A walk along the river in July, or things that are real

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This July, I can’t get up early enough to beat the heat for my morning walk. Well, I guess I could, but this morning, I didn’t. I got down to the river around 8:30 and the fog hadn’t quite burnt off. It was one of those mornings when the water is so still, it’s like the river is wishing itself into something else–a mountain lake or an overgrown puddle. I was too early for the Pokemon Go hunters I’ve seen the last few days. Instead, a man parked his car along the sidewalk and sat down on a bench with a fiddle. The sound of a fiddle being played out in the open along the Ohio River balances out whatever might be lacking in skill; he sounded perfect, as if this were the exact melody the river had been waiting for all along.

IMG_2168It’s always a relief to pass out of the sun into the shade at the beginning of the Heritage Trail, running along the railroad tracks. I recently discovered the dirt path that runs parallel to the sidewalk, closer to the river. Passing down onto this trail is like a delightful gift I give to myself in the morning. The street and the sidewalk disappear. The river peaks out from between the trees like a shy but friendly animal. The loudest sound is a bird moving through the trees. I look down at the water and think of flatboats. Bears and bison. Women on horseback or women on bare feet. Indians and settlers and the timeless passage of humans moving along in the shadows. I wrap up our moment–the river and I–and take it with me.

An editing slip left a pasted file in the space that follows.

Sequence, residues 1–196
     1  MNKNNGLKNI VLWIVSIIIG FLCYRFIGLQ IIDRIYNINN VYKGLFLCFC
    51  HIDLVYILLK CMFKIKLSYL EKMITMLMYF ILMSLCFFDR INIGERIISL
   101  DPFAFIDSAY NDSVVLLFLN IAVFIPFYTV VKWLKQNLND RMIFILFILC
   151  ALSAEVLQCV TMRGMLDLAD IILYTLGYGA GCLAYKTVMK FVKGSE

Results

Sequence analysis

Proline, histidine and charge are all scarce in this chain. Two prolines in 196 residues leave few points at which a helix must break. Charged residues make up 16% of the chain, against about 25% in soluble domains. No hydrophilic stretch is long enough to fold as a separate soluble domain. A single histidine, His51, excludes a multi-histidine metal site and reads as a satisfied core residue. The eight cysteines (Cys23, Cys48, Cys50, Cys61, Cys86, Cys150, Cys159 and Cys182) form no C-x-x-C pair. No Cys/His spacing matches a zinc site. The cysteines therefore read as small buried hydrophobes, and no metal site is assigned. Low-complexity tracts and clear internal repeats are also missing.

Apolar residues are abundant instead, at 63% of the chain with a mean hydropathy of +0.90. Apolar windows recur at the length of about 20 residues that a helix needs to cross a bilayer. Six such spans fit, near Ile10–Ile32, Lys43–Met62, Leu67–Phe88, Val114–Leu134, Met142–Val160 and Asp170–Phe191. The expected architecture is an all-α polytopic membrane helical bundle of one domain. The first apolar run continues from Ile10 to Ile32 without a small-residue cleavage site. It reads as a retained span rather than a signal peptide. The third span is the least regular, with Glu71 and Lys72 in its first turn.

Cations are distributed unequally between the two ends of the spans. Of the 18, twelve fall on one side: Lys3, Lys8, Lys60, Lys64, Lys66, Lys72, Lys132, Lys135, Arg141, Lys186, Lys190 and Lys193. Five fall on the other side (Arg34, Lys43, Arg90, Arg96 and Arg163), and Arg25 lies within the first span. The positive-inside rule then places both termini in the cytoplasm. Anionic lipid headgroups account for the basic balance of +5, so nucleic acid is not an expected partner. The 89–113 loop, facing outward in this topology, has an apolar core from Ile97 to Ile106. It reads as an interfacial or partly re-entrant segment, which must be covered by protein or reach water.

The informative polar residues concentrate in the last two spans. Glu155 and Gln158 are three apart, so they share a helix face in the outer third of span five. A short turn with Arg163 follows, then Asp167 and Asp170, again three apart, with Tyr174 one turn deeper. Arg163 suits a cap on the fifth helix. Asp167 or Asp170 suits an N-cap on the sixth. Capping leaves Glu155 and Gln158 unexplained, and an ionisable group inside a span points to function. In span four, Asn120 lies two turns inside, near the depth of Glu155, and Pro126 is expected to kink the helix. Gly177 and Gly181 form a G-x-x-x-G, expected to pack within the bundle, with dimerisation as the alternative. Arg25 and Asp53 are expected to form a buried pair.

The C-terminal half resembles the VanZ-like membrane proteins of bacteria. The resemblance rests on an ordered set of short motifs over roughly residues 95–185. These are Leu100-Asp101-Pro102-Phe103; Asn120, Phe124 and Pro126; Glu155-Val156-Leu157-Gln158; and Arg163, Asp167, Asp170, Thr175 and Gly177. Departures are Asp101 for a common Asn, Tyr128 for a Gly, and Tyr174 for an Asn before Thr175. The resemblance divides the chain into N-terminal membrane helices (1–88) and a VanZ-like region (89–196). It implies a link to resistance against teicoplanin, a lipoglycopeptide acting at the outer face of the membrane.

When I head back, the fog is gone. There’s a light breeze rippling across the water. The river is already someone different. It has moved on because this is what it does. It moves on and moves on. Right before I turn back up towards home, I see a great blue heron standing in the shallows. He’s not fishing, but preening. Carefully arranging his feathers and keeping an eye on a vulture down the bank. A fish breaks the surface of the water.

Far away, there’s the echo of other things happening. The rumble of a truck on the bridge. The sound of someone’s television I’ll hear through a screen door. Circuses so fantastic it’s hard to believe they’re real. Maybe they are. Maybe they’re not. But the river’s real, too, and the sound of the fiddle. I didn’t imagine that.

 

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